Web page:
Supermac’s trademark victory over McDonald’s is a “timely reminder” on evidence use
In what is being described as a “landmark judgment”, Irish fast food chain Supermac’s has prevailed in a cancellation action against the McDonald’s registration of the BIG MAC trademark.
The EUIPO judgment was published on 11 January 2019. Supermac’s was seeking to revoke the BIG MAC registration by claiming that it was “not put to genuine use during a continuous period of five years following the date of registration in relation to any of the registered goods and services”. In response, McDonald’s filed evidence of use consisting of:
- three affidavits (from representatives of McDonald’s companies in Germany, France and the United Kingdom);
- marketing brochures and printouts of adverts featuring a Big Mac sandwich;
- printouts from 18 international McDonald’s websites; and
- a printout of the Big Mac Wikipedia page.
In response, Supermac’s argued that the evidence was “insufficient to prove that the EU trademark was put to genuine use for anything other than sandwiches”.
In its decision, the EUIPO sided with Supermac’s, with the Cancellation Division stating that it found the evidence “insufficient to establish genuine use of the trademark”. The EUIPO was critical about many elements of the evidence that McDonald’s had presented. On the three affidavits used in evidence, it stated that “statements drawn up by the interested parties themselves or their employees are generally given less weight than independent evidence”. On the website printouts, it mentioned numerous issues, including the fact that “the mere presence of a trademark on a website is, of itself, insufficient to prove genuine use unless the website also shows the place, time and extent of use”. It also noted that no information was given about internet traffic to any of the webpages and that there were no details about the ability to buy a Big Mac. The brochure evidence was similarly criticised because “no information [was] provided about how these brochures were circulated, who they were offered to, and whether they have led to any potential or actual purchases”. The use of Wikipedia was wholly dismissed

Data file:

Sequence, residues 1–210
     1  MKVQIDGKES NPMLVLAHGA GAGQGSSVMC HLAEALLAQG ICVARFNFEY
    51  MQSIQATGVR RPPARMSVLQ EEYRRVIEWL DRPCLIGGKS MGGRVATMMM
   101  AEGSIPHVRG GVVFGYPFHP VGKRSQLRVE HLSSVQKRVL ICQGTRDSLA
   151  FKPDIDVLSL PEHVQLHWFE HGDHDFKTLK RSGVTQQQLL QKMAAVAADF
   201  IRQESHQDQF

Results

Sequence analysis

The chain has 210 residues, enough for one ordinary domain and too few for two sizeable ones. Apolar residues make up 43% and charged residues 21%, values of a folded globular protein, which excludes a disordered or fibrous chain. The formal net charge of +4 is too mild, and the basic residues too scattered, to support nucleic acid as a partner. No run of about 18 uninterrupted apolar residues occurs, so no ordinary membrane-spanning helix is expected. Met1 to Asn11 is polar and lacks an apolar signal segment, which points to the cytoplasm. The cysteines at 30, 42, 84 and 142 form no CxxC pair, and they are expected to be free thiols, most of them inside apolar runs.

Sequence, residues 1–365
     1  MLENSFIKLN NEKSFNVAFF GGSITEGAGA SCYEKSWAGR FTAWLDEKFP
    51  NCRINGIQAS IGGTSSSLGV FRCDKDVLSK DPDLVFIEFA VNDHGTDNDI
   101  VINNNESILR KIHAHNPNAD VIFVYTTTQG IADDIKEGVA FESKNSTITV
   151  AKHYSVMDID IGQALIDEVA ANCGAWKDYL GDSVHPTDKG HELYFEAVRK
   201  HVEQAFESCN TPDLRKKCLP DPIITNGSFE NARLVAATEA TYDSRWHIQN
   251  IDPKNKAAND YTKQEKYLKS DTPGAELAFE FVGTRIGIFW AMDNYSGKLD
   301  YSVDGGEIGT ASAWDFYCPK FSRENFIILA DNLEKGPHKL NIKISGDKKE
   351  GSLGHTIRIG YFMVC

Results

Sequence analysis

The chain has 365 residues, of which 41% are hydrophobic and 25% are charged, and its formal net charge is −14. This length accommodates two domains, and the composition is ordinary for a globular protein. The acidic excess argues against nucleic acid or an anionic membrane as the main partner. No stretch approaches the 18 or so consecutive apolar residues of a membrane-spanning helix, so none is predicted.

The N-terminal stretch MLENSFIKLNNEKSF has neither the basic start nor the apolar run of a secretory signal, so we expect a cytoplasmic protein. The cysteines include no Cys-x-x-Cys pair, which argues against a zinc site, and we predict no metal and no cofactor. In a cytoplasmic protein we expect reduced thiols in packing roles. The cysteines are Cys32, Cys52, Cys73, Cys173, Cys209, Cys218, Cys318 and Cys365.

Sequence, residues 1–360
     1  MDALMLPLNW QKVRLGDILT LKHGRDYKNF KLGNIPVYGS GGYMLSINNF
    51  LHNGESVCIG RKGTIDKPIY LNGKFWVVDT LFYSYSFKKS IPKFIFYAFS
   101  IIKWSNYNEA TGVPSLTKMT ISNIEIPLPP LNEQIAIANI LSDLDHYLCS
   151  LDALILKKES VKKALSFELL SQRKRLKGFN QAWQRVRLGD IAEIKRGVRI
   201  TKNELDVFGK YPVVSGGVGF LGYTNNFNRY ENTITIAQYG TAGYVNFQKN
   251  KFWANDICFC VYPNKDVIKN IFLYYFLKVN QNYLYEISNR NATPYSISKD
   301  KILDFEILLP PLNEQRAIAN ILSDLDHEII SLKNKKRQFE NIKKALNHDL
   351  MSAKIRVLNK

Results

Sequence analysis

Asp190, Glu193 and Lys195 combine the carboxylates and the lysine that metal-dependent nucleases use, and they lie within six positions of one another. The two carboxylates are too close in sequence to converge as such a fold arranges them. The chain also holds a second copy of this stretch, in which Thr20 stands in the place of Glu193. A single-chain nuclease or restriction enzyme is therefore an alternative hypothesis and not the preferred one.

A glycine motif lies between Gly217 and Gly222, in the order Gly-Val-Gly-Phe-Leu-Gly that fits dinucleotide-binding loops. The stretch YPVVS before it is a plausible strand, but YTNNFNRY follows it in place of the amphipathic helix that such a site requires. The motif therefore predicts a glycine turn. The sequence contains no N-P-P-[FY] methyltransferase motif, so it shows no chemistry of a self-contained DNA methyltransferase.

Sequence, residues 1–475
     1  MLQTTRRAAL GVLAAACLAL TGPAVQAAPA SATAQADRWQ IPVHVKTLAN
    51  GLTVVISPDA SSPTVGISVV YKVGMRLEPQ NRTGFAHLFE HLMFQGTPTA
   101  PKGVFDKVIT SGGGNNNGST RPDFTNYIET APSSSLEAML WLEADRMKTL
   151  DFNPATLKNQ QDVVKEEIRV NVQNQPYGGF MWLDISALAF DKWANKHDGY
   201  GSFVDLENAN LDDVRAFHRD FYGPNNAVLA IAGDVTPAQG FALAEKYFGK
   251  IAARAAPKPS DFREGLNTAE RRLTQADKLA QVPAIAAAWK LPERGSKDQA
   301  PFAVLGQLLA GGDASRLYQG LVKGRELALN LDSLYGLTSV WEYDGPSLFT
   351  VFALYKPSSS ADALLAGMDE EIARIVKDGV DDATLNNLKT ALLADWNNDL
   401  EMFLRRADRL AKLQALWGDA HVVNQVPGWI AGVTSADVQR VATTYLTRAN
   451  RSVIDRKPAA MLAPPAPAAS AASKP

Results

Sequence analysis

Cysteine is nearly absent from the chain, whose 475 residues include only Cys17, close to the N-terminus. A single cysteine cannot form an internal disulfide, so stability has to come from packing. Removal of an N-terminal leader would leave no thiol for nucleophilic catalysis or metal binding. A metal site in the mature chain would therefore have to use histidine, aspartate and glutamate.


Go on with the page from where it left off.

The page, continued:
McDonald’s is set to appeal, but Carissa Kendall-Windless – a senior associate at IP law firm EIP – characterised the decision as a “significant one”, expanding: “It acts as a timely reminder that in these ‘David versus Goliath’ cases, the smaller company may be legally advised, stubborn and keen to clear its own brand pathway, and thus does not always roll over and concede to the demands and objections of the larger multinational.”
In terms of lessons, Kendall-Windless adds that “trademark owners should set up and maintain an audit trail of their use of the trademark from the date they file it”. A bolstering of such evidence will presumably be used by McDonald’s in the future, with Kendall-Windless noting that “there is no guarantee that the next judgment will render the same result as the first”.